This series shows what people actually do in the face of everyday dilemmas that test their character and values. Friday’s scenarios include:
* DRUNK PILOTS: Hundreds of millions of Americans take to the skies each year trusting their pilot to get them to their destination safely. What would you do if you witnessed two commercial airline pilots drinking heavily at a bar – just an hour away from getting into the cockpit?
· SPECIAL NEEDS – SPECIAL TREATMENT: People with intellectual disabilities have more professional opportunities than ever before, but they still face ignorance and even bigotry. Working in cooperation with the National Down Syndrome Society, an actor with Down syndrome poses as a bagger in a grocery store. But it doesn’t take long for an ignorant customer – also an actor – to start protesting. “What’s the matter with you? Are you retarded?” he complains. Will unwitting observers, waiting their turn at the cashier, take a stand against this abuse or will they ignore it?
When James Hobley makes his professional debut as a dancer – and given his talent it is a when, not an if, even though he’s only 10 – Hollywood will be beating down the door to turn his story into a feel-good biopic. It’s Billy Elliot with the added twist of autism. If only Daniel Day-Lewis was 40 years younger and could get his leg behind his head without CGI, he’d have another Oscar in the bag.
James first sprang to attention in Sky1’s talent show Got To Dance, where his startling flexibility and curiously intense presence turned him into a contender. The worry was how an autistic child would cope with the intense pressure of a TV talent show but, as Autism, Disco And Me (BBC3) revealed, James is pretty hard core when it comes to strutting his stuff in front of judges. You have to be if you want to win the bizarre riot of sequins and hip dislocations that is Disco Kid.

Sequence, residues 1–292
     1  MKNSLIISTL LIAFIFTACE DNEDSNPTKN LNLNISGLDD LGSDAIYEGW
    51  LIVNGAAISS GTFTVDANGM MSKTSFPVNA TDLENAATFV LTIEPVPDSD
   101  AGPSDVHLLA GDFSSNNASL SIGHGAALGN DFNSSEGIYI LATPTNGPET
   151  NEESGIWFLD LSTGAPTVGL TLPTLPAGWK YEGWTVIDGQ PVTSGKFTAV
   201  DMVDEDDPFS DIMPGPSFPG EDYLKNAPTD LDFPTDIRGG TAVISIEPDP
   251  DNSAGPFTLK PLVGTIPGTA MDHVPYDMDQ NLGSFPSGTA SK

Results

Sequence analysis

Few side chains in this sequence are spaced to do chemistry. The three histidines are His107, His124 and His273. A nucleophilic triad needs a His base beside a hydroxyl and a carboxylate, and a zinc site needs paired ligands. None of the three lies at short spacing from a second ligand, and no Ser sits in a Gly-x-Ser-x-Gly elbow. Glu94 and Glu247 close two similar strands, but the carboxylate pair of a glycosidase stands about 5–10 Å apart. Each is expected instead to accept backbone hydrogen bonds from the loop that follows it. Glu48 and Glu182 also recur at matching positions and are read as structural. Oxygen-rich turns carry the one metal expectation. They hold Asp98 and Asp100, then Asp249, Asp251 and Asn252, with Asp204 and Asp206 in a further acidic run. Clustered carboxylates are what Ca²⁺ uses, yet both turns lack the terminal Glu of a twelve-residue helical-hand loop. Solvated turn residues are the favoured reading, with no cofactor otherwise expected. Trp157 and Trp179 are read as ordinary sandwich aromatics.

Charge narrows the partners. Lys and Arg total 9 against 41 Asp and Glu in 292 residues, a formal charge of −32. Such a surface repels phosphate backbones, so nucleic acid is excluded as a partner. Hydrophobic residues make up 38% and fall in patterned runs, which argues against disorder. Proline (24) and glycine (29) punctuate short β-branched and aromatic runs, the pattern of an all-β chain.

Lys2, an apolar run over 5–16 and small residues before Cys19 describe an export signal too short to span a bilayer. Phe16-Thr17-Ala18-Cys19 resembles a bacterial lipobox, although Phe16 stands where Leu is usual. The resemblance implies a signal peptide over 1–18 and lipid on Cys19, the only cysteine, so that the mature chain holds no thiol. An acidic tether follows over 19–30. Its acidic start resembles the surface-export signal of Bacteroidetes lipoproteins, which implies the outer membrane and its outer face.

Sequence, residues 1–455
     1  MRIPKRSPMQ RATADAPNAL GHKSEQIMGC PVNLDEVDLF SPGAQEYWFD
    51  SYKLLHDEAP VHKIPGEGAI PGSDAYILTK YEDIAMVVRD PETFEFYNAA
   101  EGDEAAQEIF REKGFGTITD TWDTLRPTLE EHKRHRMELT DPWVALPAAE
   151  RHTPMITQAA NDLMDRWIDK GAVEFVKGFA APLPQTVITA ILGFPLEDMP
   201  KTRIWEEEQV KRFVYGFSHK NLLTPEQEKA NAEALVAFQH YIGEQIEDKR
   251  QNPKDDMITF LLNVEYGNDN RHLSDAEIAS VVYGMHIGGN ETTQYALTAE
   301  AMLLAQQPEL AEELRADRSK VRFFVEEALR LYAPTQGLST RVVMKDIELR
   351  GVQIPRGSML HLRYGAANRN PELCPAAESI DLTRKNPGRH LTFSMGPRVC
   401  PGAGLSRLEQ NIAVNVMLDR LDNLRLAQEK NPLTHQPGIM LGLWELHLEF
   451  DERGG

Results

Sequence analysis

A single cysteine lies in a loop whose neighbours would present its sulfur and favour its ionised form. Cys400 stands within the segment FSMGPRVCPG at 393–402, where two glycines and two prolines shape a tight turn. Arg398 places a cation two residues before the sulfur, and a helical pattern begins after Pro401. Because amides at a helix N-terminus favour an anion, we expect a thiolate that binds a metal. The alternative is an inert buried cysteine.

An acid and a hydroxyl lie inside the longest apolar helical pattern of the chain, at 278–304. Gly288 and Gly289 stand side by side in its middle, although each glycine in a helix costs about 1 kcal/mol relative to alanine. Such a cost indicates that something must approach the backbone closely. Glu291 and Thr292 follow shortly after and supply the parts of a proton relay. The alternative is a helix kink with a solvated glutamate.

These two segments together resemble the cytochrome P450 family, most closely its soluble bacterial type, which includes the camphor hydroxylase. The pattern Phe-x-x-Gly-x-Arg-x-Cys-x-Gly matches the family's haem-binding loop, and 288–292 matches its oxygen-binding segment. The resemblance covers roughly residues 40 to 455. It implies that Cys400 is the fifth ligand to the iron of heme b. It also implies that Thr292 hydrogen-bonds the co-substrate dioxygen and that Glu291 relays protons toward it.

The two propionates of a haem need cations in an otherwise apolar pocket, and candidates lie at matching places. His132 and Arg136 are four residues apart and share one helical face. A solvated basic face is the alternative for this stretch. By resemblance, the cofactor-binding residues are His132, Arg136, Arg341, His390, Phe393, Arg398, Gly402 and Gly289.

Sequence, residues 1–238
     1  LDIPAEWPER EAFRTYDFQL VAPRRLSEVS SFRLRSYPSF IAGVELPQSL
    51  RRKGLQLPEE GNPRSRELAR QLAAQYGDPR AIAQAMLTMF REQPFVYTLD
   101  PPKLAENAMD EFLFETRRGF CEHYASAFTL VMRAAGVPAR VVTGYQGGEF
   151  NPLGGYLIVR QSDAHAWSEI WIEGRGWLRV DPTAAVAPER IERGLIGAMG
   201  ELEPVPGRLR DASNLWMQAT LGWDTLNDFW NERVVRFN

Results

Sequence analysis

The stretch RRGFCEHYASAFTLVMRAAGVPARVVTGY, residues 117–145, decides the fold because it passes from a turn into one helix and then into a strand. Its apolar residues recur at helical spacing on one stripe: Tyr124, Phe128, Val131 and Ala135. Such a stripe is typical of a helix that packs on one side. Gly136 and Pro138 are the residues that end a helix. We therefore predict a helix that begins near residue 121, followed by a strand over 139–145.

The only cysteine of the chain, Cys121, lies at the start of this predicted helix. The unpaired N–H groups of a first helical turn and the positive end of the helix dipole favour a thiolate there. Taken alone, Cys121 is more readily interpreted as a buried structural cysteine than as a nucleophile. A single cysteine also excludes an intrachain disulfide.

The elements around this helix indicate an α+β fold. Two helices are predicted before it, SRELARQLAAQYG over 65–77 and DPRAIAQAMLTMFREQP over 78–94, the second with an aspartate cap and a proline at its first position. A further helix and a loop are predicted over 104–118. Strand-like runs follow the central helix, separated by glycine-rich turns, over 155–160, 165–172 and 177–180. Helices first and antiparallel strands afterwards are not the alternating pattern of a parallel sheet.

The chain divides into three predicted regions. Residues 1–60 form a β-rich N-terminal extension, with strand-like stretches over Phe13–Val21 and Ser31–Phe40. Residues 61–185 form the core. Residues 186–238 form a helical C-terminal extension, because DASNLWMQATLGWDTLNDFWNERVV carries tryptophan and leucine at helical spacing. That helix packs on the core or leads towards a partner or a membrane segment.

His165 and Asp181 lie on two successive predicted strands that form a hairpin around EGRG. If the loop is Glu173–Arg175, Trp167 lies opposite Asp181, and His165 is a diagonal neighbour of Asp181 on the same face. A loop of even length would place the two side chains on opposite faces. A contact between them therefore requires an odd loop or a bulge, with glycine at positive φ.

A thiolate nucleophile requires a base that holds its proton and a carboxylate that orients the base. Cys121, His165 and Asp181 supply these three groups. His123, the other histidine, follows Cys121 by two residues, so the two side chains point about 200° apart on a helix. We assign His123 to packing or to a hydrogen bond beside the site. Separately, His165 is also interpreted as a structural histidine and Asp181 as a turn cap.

Normally, when you reach the end of a documentary and say to yourself, “I’m not sure which character that film was about,” it’s a bad thing, a sign of unclear writing and poor execution. But in the case of “Dad’s in Heaven With Nixon,” Tuesday night on Showtime, it’s a testament to how rich this bittersweet tale is.
Stimeyland blogger Jean Winegardner writes about a character with Asperger’s syndrome in this Washington Times post:
As a parent of a child with autism, I have watched with interest several television programs that have featured autistic characters. NBC’s new hour-long drama “Parenthood” is the newest of these programs, and one that holds a great deal of promise.
I am interested in autistic characters on television for the same reasons many other minority groups are interested in seeing people representative of them on television. It educates, it normalizes and it includes. I’ve been disappointed in the past by autistic portrayals on TV, notably Mary McDonnell’s doctor with Asperger’s on “Grey’s Anatomy,” because the characters just didn’t ring true and seemed to perpetuate stereotypes.
I’ve been seeing commercials for “Parenthood” for a long time, but just learned last week that one of the characters, Max, is a child with Asperger’s Syndrome, a form of autism. This is intriguing because I can’t think of any instances in which a child has played a person with autism. I was further compelled to watch after learning that “Parenthood” producer Jason Katims has a 13-year-old son with Asperger’s, which means the situations surrounding Max come from a place of experience.